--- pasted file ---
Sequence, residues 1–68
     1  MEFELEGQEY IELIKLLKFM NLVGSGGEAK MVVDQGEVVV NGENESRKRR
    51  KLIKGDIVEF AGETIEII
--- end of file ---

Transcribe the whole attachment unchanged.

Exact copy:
Sequence, residues 1–68
     1  MEFELEGQEY IELIKLLKFM NLVGSGGEAK MVVDQGEVVV NGENESRKRR
    51  KLIKGDIVEF AGETIEII